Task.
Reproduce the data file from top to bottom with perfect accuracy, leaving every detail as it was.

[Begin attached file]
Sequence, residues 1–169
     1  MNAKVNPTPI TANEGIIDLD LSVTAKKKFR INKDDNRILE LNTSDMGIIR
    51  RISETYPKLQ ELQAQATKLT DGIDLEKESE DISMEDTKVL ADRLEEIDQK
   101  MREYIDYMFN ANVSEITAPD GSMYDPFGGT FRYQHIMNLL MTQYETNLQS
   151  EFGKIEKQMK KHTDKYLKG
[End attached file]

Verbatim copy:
Sequence, residues 1–169
     1  MNAKVNPTPI TANEGIIDLD LSVTAKKKFR INKDDNRILE LNTSDMGIIR
    51  RISETYPKLQ ELQAQATKLT DGIDLEKESE DISMEDTKVL ADRLEEIDQK
   101  MREYIDYMFN ANVSEITAPD GSMYDPFGGT FRYQHIMNLL MTQYETNLQS
   151  EFGKIEKQMK KHTDKYLKG